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Work-to-family profiles, family structure and burnout in mothers

Journal Article


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Abstract


  • Purpose

    The purpose of this paper is to identify work-to-family profiles in working mothers, test whether profiles differ between sole and partnered mothers, and examine whether the work-to-family profiles are associated with burnout.

    Design/methodology/approach

    Data on work-to-family conflict (WFC), work-to-family enrichment (WFE), burnout, and relevant socio-demographic covariates were collected via a self-report online survey. Latent profile analysis on WFC and WFE items was used to identify profiles in 179-sole and 857-partnered mothers in paid employment. Regression analyses were performed to examine whether profiles were associated with burnout.

    Findings

    Five distinct work-to-family profiles were identified: Harmful, Negative Active, Active, Beneficial, and Fulfilled. Profile membership differed significantly between sole and partnered mothers, with sole mothers more likely to be in the harmful profile. The five profiles had differing implications for burnout.

    Practical implications

    WFC and WFE can co-occur, and have differing implications for health and well-being. It is important to consider both WFC and WFE when addressing employee burnout. Furthermore, sole mothers may need greater assistance in reducing WFC and increasing WFE in order to minimize burnout.

    Originality/value

    This study contributes to existing research by demonstrating differences in work-to-family profiles between sole and partnered mothers, and highlights the need for future research on diverse family types.

Publication Date


  • 2016

Citation


  • Robinson, L. D., Magee, C. A. & Caputi, P. (2016). Work-to-family profiles, family structure and burnout in mothers. Journal of Managerial Psychology, 31 (7), 1167-1181.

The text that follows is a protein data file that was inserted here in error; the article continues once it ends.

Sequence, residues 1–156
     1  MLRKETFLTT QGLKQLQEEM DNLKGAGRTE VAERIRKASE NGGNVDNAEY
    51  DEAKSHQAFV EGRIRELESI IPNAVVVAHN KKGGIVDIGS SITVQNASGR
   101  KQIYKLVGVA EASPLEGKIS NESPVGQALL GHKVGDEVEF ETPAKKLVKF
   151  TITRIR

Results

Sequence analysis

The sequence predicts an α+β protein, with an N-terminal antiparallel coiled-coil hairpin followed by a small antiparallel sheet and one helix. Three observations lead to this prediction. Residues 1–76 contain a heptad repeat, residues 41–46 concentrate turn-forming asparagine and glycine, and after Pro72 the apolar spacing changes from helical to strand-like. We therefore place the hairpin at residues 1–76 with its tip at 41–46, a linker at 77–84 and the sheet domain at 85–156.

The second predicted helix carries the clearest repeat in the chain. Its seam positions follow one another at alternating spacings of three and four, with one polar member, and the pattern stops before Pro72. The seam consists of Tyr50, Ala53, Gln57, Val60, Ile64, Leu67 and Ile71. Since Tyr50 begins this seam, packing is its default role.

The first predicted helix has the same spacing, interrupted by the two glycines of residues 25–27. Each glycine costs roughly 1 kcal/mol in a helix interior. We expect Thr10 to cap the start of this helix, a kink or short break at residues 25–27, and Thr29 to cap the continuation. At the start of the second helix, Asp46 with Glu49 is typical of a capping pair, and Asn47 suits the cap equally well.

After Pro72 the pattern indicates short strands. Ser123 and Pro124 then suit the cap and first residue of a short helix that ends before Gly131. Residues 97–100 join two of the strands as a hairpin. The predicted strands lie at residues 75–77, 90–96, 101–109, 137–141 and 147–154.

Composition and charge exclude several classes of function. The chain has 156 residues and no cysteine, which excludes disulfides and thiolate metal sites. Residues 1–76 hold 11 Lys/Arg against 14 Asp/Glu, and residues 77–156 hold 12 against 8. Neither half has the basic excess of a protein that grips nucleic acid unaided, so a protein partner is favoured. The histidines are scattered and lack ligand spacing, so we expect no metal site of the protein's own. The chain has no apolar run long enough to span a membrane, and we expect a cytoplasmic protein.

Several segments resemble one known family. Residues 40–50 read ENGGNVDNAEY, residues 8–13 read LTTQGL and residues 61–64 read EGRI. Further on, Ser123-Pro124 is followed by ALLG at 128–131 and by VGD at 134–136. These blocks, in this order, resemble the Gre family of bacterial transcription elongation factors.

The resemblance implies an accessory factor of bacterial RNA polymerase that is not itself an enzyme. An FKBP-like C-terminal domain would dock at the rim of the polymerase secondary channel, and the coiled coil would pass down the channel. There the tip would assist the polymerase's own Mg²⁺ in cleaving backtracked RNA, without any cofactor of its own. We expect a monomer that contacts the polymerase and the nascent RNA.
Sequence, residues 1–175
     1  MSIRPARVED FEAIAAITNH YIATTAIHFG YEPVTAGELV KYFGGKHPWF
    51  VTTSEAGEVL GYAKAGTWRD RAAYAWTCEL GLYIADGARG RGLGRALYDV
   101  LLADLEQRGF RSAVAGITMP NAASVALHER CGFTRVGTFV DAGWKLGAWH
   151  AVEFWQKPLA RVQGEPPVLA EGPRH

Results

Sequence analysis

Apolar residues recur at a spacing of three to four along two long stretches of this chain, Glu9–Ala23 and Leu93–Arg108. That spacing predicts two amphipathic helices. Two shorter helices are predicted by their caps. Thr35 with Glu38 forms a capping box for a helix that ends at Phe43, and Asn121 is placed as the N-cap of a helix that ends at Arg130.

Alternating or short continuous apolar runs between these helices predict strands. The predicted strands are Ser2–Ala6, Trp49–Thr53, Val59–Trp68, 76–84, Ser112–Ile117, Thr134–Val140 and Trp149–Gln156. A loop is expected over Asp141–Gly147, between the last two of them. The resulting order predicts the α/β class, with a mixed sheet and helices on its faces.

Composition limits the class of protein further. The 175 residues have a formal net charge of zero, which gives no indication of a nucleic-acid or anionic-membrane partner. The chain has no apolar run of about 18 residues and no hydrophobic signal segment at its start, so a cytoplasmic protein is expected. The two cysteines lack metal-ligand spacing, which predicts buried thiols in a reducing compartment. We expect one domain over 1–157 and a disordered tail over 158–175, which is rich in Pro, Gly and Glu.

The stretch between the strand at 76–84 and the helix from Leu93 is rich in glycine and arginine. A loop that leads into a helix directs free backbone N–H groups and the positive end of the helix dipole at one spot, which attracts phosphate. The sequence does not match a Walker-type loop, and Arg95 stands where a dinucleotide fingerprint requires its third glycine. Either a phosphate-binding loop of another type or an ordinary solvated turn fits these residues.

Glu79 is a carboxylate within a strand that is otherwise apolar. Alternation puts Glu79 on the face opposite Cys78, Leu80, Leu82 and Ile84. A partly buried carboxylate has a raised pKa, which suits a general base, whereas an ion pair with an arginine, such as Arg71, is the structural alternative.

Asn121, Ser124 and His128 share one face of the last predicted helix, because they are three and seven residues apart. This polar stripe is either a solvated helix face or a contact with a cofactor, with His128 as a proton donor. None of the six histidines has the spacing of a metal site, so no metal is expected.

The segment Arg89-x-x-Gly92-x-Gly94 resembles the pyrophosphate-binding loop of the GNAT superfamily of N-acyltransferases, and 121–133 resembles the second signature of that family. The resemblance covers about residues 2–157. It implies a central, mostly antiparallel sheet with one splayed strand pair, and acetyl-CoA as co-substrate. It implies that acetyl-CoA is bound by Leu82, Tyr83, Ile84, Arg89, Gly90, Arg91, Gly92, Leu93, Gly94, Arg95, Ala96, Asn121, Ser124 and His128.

Scopus Eid


  • 2-s2.0-84984939418

Ro Full-text Url


  • http://ro.uow.edu.au/cgi/viewcontent.cgi?article=3520&context=sspapers

Ro Metadata Url


  • http://ro.uow.edu.au/sspapers/2519

Number Of Pages


  • 14

Start Page


  • 1167

End Page


  • 1181

Volume


  • 31

Issue


  • 7

Abstract


  • Purpose

    The purpose of this paper is to identify work-to-family profiles in working mothers, test whether profiles differ between sole and partnered mothers, and examine whether the work-to-family profiles are associated with burnout.

    Design/methodology/approach

    Data on work-to-family conflict (WFC), work-to-family enrichment (WFE), burnout, and relevant socio-demographic covariates were collected via a self-report online survey. Latent profile analysis on WFC and WFE items was used to identify profiles in 179-sole and 857-partnered mothers in paid employment. Regression analyses were performed to examine whether profiles were associated with burnout.

    Findings

    Five distinct work-to-family profiles were identified: Harmful, Negative Active, Active, Beneficial, and Fulfilled. Profile membership differed significantly between sole and partnered mothers, with sole mothers more likely to be in the harmful profile. The five profiles had differing implications for burnout.

    Practical implications

    WFC and WFE can co-occur, and have differing implications for health and well-being. It is important to consider both WFC and WFE when addressing employee burnout. Furthermore, sole mothers may need greater assistance in reducing WFC and increasing WFE in order to minimize burnout.

    Originality/value

    This study contributes to existing research by demonstrating differences in work-to-family profiles between sole and partnered mothers, and highlights the need for future research on diverse family types.

Publication Date


  • 2016

Citation


  • Robinson, L. D., Magee, C. A. & Caputi, P. (2016). Work-to-family profiles, family structure and burnout in mothers. Journal of Managerial Psychology, 31 (7), 1167-1181.

Scopus Eid


  • 2-s2.0-84984939418

Ro Full-text Url


  • http://ro.uow.edu.au/cgi/viewcontent.cgi?article=3520&context=sspapers

Ro Metadata Url


  • http://ro.uow.edu.au/sspapers/2519

Number Of Pages


  • 14

Start Page


  • 1167

End Page


  • 1181

Volume


  • 31

Issue


  • 7